Red Sox starting pitching dominant on West Coast

Red Sox starting pitching dominant on West Coast
August 26, 2013, 10:00 am
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What's the key to the recent Red Sox surge? It's their arms on the mound -- their starting arms in particular.

(USA Today Sports Images)

LOS ANGELES -- As impressive as the Red Sox takedown of the Los Angeles Dodgers was this weekend, giving them two straight series wins and a 4-2 West Coast interleague road trip, it shouldn't have been much of a surprise.
      
Though the Red Sox may have been mired in a frustrating tango of sorts in recent weeks -- two steps forward and one step back -- their recent upswing dovetailed with a sharp uptick in performance from their starting rotation.
      
In other words, what was the key to the team's recent surge? It's the pitching, stupid. And the starting pitching in particular.
      
In taking 2-of-3 from both the Giants and the Dodgers, Red Sox starters compiled a 1.17 ERA in the last six games. And, in five of the six games in California, Red Sox starters pitched into the eighth inning five times. In the one game the pitcher failed to reach the eighth, Jake Peavy had allowed just one run when he was lifted in the sixth.
      
No Red Sox starter allowed more than two earned runs in any of the six games, and of the four complete games the Red Sox have recorded this season, two were thrown in the last three games -- both against the Dodgers, whose lineup is as intimidating as any in either league.
      
"We got very good starting pitching on this entire trip," said John Farrell after Peavy had tossed a complete game Sunday in the 8-1 finale. "Our starters set the tone for this entire trip and this series."
      
Peavy led the way Sunday night with his best performance since joining the Red Sox at the July 31 deadline. He allowed just three hits over nine innings. The lone run against him was a solo homer by Adrian Gonzalez.
      
"We got ahead of most guys," said Peavy, who improved to 10-5, "and dictated the count. You have to do that when you're going against a lineup as talented as they are. We felt like we had a good game plan in place, but at the same time, that's a talented, talented bunch over there.''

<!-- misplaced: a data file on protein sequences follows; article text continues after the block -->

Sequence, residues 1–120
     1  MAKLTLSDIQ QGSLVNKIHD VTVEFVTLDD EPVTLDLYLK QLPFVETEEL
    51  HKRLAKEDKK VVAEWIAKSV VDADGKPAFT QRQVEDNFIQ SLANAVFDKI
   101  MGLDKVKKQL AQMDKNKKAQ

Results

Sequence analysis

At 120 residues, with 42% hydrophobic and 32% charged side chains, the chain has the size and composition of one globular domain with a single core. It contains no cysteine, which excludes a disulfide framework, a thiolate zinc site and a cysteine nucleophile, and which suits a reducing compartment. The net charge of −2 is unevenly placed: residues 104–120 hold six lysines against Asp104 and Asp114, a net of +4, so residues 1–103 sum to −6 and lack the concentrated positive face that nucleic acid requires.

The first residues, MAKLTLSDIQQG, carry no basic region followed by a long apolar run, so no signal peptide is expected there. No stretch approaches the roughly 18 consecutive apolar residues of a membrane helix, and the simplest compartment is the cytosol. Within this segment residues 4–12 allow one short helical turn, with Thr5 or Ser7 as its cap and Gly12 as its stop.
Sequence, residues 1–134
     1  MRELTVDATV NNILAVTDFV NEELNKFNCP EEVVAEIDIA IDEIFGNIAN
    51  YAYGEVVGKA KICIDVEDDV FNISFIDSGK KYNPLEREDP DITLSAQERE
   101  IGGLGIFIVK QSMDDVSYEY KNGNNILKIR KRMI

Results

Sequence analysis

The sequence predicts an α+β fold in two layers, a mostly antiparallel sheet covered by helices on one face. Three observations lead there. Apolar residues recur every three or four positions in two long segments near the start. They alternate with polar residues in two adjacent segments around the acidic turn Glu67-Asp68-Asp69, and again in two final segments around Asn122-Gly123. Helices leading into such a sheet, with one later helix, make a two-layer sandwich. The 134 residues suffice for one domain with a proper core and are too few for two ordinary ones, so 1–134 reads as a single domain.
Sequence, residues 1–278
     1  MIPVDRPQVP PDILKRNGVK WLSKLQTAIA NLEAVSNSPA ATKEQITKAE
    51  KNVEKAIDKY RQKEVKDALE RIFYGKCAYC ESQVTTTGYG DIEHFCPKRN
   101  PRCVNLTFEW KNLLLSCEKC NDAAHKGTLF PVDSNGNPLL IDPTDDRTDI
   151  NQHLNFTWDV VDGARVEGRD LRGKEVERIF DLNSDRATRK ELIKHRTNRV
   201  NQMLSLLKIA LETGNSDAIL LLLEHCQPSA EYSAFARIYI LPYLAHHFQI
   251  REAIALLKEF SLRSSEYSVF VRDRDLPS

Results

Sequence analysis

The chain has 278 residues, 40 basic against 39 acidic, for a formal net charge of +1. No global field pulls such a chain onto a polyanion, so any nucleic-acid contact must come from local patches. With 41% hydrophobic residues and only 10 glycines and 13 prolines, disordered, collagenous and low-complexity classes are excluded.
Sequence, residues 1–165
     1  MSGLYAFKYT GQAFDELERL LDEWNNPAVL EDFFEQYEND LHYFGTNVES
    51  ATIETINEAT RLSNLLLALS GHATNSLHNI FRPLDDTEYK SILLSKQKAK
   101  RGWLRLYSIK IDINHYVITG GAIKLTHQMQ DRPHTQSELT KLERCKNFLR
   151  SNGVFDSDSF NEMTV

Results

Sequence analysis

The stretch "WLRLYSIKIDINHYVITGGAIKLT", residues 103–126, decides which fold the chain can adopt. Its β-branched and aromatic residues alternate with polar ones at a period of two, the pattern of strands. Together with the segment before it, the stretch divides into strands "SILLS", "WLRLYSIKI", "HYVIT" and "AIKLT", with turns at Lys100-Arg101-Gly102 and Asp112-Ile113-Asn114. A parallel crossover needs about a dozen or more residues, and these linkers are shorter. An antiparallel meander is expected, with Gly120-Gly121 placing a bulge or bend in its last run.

"We knew they were an aggressive team, but we've got some pretty good pitching," said catcher Jarrod Saltalamacchia. "The three guys we sent out (in the series - John Lackey, Jon Lester and Peavy) are aces on any other team. It's nice to have those guys."
      
Red Sox pitchers stayed away from big innings in the series with the Dodgers. The only time the Dodgers -- who managed just five runs in the three games -- had a multi-run inning was the fourth inning Friday night. Hanley Ramirez's two-run homer off Lackey represented the only runs either team scored that night.
      
Peavy, who could be seen mouthing his disbelief when Farrell came out to get him in the sixth inning Tuesday night in San Francisco, was determined to get to the finish line Sunday night.
      
He was at 102 pitches after eight innings, but had plenty left.
      
"I wanted to finish it," he said, "and I wanted to finish it against (the Dodgers') 2-3-4 (hitters). It meant something to me to finish it. I wanted to let the guys in the bullpen have a few nights off. We've got to keep those guys strong down the stretch.
      
"Obviously, when we got some breathing room (a two-run homer from Mike Napoli in the top of the inning stretched the lead to seven), anyone could have finished it out, but I appreciate John giving me the opportunity."
      
Now that the Red Sox are through with interleague play until the final week of the season and a brief two-game series at Colorado, they'll be facing deeper American League lineups, featuring designated hitters rather than pitchers.
      
That represents a challenge, but the Sox will be getting Clay Buchholz back in another 10 days, and they'll have the benefit of at least one off-day each week over the remainder of the schedule.
      
Boston's rotation sports a collective 3.82 ERA, second in the American League only to Detroit. And at a time when the games are most important and the calendar is closing in on September, Red Sox starters couldn't have picked a better time to be performing at their best.